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Bush Doubts Iran Wants Negotiated Solution

President Bush said his suspicions about Iran have been raised (file photo) (epa) May 24, 2006 -- U.S. President George W. Bush says he wants to resolve the Iranian nuclear dispute diplomatically, but is not sure that Iran wants a negotiated solution.

Bush, speaking yesterday at the White House in Washington, described the Iranian government as refusing to negotiate over its nuclear program in "good faith."

"Obviously, we'd like to solve this issue peacefully and diplomatically, and the more the Iranians refuse to negotiate in good faith, the more countries are beginning to realize that we must continue to work together," Bush said.

Bush said the United States was working to make clear to Russia that Iran has not shown good faith.

Russia and China, both permanent members of the United Nations Security Council, have been reluctant to back western calls for tough measures against Iran, such as sanctions.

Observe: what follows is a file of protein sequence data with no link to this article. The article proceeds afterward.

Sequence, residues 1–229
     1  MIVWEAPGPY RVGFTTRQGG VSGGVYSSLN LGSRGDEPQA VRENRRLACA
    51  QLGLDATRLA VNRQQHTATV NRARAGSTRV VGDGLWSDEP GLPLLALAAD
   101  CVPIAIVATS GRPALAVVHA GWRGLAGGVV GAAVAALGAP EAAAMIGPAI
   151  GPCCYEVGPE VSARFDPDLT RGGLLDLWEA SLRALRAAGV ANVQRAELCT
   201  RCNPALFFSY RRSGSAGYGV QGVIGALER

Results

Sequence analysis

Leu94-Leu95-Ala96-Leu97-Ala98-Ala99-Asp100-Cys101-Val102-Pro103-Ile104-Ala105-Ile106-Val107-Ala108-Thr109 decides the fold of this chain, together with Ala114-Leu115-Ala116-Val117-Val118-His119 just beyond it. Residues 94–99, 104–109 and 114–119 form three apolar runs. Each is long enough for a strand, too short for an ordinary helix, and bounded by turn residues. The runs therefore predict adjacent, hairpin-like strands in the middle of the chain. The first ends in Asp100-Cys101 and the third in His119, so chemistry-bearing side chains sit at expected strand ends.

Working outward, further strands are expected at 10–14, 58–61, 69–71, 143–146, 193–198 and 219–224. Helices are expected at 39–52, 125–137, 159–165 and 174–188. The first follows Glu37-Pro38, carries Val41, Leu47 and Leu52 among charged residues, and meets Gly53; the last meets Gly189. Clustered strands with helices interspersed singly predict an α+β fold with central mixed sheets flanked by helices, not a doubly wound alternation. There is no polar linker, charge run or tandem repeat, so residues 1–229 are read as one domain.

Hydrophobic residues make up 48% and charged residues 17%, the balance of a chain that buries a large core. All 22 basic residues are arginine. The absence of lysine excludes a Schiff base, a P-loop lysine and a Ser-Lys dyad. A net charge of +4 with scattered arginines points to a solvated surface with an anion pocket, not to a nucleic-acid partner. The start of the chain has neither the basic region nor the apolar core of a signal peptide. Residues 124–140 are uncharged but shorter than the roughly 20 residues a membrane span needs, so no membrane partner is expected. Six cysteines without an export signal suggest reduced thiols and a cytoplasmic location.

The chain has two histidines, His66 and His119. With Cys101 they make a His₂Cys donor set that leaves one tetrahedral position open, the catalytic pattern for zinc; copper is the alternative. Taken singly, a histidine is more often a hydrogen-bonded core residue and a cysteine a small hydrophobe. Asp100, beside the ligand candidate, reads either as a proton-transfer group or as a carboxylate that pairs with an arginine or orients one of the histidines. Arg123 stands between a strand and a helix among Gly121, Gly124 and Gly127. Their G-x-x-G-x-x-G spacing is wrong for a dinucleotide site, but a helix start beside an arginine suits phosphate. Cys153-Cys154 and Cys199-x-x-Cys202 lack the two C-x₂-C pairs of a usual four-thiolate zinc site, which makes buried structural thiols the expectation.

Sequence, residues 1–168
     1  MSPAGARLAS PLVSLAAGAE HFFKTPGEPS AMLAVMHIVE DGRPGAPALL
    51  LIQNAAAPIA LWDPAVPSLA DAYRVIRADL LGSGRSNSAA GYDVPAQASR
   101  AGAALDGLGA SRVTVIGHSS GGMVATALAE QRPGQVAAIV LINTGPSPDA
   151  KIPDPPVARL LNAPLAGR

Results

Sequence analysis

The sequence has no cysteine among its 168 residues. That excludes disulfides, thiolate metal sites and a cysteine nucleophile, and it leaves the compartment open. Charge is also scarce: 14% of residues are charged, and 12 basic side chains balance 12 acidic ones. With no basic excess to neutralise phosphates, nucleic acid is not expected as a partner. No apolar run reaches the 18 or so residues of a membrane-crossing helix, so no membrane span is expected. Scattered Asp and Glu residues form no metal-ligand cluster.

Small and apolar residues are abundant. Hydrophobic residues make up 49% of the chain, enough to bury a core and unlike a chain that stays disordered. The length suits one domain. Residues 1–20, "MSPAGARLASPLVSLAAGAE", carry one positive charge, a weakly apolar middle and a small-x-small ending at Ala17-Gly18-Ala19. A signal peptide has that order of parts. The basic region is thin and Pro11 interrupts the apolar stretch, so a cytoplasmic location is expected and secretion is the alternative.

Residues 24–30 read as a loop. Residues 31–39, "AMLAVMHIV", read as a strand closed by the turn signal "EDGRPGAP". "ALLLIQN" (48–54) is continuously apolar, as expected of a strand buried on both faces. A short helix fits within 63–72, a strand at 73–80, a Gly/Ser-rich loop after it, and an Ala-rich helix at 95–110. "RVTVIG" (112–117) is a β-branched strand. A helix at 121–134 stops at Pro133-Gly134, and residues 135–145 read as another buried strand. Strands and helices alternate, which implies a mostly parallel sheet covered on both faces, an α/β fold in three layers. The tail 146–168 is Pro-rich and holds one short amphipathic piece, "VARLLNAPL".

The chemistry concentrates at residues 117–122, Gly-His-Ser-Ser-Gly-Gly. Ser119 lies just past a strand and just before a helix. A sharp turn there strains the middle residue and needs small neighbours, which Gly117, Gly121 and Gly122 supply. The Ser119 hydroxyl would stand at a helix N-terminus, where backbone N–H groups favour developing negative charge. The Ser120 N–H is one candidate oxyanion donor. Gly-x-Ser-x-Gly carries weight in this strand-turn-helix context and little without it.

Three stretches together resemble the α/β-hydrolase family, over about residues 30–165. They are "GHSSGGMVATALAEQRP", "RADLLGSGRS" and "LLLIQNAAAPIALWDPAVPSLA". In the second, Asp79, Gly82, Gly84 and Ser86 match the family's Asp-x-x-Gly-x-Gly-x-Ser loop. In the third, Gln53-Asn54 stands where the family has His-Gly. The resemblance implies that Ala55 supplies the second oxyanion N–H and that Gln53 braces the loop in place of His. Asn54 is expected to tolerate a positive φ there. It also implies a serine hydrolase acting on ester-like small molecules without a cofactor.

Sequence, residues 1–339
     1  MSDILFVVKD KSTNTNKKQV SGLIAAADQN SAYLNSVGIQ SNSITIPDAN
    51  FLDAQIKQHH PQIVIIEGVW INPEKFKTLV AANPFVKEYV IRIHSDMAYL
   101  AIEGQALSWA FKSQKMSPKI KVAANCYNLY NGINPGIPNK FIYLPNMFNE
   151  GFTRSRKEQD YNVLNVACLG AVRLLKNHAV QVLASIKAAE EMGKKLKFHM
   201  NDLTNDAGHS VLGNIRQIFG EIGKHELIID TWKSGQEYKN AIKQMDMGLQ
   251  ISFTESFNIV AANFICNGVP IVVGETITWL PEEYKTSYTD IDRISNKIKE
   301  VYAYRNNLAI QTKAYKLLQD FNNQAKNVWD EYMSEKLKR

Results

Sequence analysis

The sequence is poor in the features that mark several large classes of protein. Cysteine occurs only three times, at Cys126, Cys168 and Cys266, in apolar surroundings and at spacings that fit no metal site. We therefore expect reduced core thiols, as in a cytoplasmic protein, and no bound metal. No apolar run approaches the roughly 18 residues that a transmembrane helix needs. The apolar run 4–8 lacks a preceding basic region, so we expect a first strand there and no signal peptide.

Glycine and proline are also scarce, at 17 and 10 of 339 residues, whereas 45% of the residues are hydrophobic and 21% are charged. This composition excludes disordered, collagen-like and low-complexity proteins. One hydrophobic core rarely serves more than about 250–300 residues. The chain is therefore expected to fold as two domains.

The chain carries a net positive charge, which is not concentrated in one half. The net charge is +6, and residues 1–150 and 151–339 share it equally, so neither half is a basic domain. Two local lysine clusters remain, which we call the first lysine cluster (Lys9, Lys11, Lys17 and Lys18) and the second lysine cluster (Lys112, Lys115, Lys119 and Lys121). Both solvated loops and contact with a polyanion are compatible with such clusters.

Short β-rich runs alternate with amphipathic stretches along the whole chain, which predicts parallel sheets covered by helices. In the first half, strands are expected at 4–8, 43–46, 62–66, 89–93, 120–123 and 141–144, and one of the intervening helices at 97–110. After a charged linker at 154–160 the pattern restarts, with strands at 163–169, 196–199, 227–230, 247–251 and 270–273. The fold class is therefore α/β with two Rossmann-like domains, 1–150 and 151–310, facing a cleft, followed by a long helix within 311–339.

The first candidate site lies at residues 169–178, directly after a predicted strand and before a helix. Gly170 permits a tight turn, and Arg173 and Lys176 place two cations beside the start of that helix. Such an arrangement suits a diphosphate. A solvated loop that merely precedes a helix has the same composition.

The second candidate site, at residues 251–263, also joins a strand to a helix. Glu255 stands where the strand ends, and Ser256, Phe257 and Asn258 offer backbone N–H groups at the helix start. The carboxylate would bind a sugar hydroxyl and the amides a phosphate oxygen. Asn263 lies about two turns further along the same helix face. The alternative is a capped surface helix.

Bush, speaking at a joint news conference with Israeli Prime Minister Ehud Olmert, said his suspicions about Iran's nuclear intentions have been raised by Tehran's rejection of international offers to provide civilian nuclear material to Iran to ensure that the Islamic Republic will not develop atomic weapons.

Representatives of the United States, Russia, China, and the European Union trio of Germany, Britain, and France, are due to meet later today in London to discuss ways to persuade Iran to halt uranium enrichment work.

(compiled from agency reports)

RFE/RL Iran Report

RFE/RL Iran Report

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